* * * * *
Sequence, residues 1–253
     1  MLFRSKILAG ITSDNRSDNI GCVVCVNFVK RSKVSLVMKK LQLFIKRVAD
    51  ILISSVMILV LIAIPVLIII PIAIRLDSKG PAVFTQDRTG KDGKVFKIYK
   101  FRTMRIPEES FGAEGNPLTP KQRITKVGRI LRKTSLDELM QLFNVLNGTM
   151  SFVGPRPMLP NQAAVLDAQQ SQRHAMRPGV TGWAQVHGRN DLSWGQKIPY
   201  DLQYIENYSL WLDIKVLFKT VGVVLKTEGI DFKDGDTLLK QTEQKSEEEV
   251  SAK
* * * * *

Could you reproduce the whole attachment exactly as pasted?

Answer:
Sequence, residues 1–253
     1  MLFRSKILAG ITSDNRSDNI GCVVCVNFVK RSKVSLVMKK LQLFIKRVAD
    51  ILISSVMILV LIAIPVLIII PIAIRLDSKG PAVFTQDRTG KDGKVFKIYK
   101  FRTMRIPEES FGAEGNPLTP KQRITKVGRI LRKTSLDELM QLFNVLNGTM
   151  SFVGPRPMLP NQAAVLDAQQ SQRHAMRPGV TGWAQVHGRN DLSWGQKIPY
   201  DLQYIENYSL WLDIKVLFKT VGVVLKTEGI DFKDGDTLLK QTEQKSEEEV
   251  SAK